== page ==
Ulrich Fuchs wrote:
Actually, that's not at all what I'm worried
What I'm most worried about is that Wikipedia will lose contributors,
because most of them won't get a choice to decide what's in the "real"
encyclopedia and therefore lose interest. The closer (the more
"officially") Nupedia is associated with Wikipedia, the less interesting
it will be to spend time for Wikipedia, because everything one is doing
there is just the "foreplay" for the "real thing" Nupedia.
Ok, got it. ;-)
I admit that I have my personal problems with the
Nupedia editing policy,
and the way authors are treated there as more or less irrelevant (because
the important persons aren't the authors, but the almighty editors). I
once offered two ready 2 page articles on "Sauna" and "Sherry" for
Nupedia project. I got an awnser like this (I'm exaggerating here, to make
my point clear): "It's nice, thank you, but can you please strip it down
to one paragraph, then we will consider to put it in the editing process
as soon as we've found an editor suitable to the subject".
Yes, there was some rule about having "brief versions" of all
articles, in order to cover breadth first, then depth.
Guess what? I
never thought of Nupedia any more, and I never heard of them, too. I doubt
if Nupedia (if revived and taking [[Sauna]] and [[Sherry]] from the
Wikipedia will ever be able to find someone (or even a group of people!)
with a university degree in either Saunology or Sherryology that is
willing to work for free and will "approve" those two articles.
That's one of my big problems with most ideas of expert reviewers.
Although most people advocating expert review deny equating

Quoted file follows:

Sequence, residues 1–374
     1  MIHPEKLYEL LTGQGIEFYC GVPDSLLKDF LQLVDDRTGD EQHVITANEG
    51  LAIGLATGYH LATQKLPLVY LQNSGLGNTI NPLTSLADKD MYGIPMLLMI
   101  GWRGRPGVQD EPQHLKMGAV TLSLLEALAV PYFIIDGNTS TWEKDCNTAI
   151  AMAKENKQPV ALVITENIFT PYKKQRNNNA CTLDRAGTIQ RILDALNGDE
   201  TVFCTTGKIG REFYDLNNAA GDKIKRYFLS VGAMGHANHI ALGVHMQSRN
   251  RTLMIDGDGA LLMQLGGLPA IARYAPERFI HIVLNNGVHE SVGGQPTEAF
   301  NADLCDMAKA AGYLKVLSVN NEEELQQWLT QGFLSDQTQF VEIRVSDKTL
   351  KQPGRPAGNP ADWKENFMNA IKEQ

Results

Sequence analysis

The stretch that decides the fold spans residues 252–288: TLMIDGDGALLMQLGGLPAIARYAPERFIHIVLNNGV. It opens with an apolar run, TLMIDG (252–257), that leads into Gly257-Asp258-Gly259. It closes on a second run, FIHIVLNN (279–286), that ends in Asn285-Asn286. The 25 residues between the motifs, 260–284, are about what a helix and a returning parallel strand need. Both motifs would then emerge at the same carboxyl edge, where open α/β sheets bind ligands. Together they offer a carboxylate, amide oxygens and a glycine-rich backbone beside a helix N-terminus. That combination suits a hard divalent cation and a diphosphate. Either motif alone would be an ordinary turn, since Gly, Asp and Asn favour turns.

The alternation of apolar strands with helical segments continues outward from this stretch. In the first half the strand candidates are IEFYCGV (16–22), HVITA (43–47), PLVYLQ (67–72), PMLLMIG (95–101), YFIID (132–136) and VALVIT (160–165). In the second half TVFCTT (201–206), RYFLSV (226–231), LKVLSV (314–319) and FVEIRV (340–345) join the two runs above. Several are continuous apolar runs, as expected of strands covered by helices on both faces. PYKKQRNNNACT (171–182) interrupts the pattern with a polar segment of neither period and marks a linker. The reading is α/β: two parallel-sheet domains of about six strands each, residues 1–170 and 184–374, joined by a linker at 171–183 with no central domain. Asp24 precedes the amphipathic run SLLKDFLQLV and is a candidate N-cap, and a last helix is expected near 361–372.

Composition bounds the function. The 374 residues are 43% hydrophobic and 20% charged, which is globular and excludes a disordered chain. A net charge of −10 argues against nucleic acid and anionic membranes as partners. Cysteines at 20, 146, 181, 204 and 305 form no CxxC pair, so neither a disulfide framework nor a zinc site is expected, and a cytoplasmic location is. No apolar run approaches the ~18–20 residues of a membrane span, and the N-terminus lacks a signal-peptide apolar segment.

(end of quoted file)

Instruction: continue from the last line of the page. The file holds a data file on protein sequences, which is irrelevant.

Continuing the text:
expertise with PhDs, it's quite difficult to divide up all the
knowledge we intend to cover into neat little topics with lead
reviewers. Who is an expert in long-haul trucking? In bread
making? Saunas? Probably not university professors.
But now back to the subject: Imagine what would happen
if the title page
of Wikipedia wouldn't say any longer: "Welcome to Wikipedia, the free
encyclopaedia", but instead:
"Welcome to Wikipedia, here you can upload articles that probably will go
into the free Nupedia encyclopaedia editing process some day if the people
there like it and have the right approved editors for your subject".
No one is proposing this. The "sifter" type proposal (being
championed by Daniel Mayer at the moment) involves no changes
whatsoever to Wikipedia. Whatever the expert reviewers are doing
with our articles, life for us Wikipedians doesn't change.
Erik's proposal is that Wikipedia itself produce a stable (i.e.
unchanging) version by linking to specific versions of an article in
its history. No editorial boards or major changes, save a protected
Brilliant Prose page.
Again - If Nupedia wants to use Wikipedia articles
or not) -
they're free to do it, the License perfectly allows for that. Just go
ahead and do it - there will be enough Wikipedia editors merging back the
approved articles to Wikipedia, both will profit from that. (However I'd
like to see how that's going to work with that silly GNU FDL requesting to
cite all the history. Merging a history from Nupedia and one from
Wikipedia in the Wikipedia talk page (where else?) must be fun!)
One of the nasty aspects of the GFDL. I often wish the Creative
Commons licenses were around when we started...
But I strongly oppose the Wikipedia *supporting* that
in any further way.
It's like shooting ourselfs in the knee (is that a valid phrase in
Very close. In English, we shoot ourselves in the foot. :)
Apart from that, there are some problems at Wikipedia
should be adressed by developers first (performance, searching, just two
name a few.) I don't see a reason why one should spend development time to
make Wikipedia suit for the Nupedia editing process.
I completely agree that performance and searching should take
priority at this point. However, as I said above, no one is proposing
we modify Wikipedia for a Nupedia-type editing process.
Wikipedia: The Free Encyclopedia